hours typing behind a keyboard. The pains in your wrist from typing
all day. The amazement of what comes out when you disengage your
mind and let your fingers type. Every feature you give programmers
becomes a challenge, and every challenge is an opportunity. As most
people, programmers thrive on the challenges and changes of life.
Programmers love to find the answers that make life easy again.
Programmers will always find something that needs to be done better,
and they will work at making it happen. Programmers are idealists
and dreamers.

lf Star Trek and Commander Data become reality and computers
begin to dream, programmers will continue weaving the dreams of
society into reality. If you think about it, someone even had to
program Commander Data. 🙂

| Advertising with CyberNews is Profitable! |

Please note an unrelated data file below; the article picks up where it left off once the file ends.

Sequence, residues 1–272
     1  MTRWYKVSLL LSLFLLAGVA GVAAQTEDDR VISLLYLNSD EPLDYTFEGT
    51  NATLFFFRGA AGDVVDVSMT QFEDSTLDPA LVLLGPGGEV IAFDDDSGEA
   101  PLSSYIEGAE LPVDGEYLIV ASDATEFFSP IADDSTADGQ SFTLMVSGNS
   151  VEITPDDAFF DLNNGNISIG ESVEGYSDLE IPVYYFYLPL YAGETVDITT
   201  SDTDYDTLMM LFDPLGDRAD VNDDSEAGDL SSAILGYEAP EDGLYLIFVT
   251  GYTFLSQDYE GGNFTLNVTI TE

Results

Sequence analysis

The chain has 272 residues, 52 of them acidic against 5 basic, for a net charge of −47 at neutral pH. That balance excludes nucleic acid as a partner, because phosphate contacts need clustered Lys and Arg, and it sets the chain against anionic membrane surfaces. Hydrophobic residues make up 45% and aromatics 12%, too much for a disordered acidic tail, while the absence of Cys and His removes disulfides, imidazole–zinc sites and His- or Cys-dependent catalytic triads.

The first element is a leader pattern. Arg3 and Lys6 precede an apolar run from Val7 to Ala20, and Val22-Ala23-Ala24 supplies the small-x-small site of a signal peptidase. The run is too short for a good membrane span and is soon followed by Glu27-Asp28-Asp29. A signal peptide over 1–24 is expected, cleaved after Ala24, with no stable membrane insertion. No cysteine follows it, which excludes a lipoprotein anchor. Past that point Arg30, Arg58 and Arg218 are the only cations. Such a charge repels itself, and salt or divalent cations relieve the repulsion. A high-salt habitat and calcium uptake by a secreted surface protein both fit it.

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| await those who advertise . . ." [email protected]! |

by Paul and Sara Edwards

Having just returned from the annual conference of the National
Association of Radio Talk Show Hosts, we are imbued with renewed
appreciation for the freedom of speech our nation affords and duly
impressed with the value of individual expression. Here was a
gathering of over 300 individuals, all of whom were articulate and
not the least bit hesitant to express their heartfelt opinions on
virtually any subject. What an experience!

There were no wallflowers in earshot. Among the names most
frequently mentioned during the conference (outside of O.J.
Simpson, of course,) were Rush Limbaugh, Bill Clinton, and Howard
Stern, none of whom were present, although Clinton prepared a
videotaped message that was played for the conference. The
popularity, or should I say, infamy, of these three individuals
amongst this August group, got me thinking about what three such
seemingly diverse individuals have in common. And, indeed, it is
their individuality that they share most notably.

They don't hold back in expressing precisely who they are, even
at the expense of being highly criticized. That, in fact, we

learned during numerous sessions, is the chief characteristic of
what makes for a good talk show host. Yes, a host must be